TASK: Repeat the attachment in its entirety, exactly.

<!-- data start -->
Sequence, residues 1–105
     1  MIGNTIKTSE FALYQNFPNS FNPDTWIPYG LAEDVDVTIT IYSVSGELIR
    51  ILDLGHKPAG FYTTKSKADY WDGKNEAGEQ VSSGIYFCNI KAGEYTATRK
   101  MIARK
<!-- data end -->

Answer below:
Sequence, residues 1–105
     1  MIGNTIKTSE FALYQNFPNS FNPDTWIPYG LAEDVDVTIT IYSVSGELIR
    51  ILDLGHKPAG FYTTKSKADY WDGKNEAGEQ VSSGIYFCNI KAGEYTATRK
   101  MIARK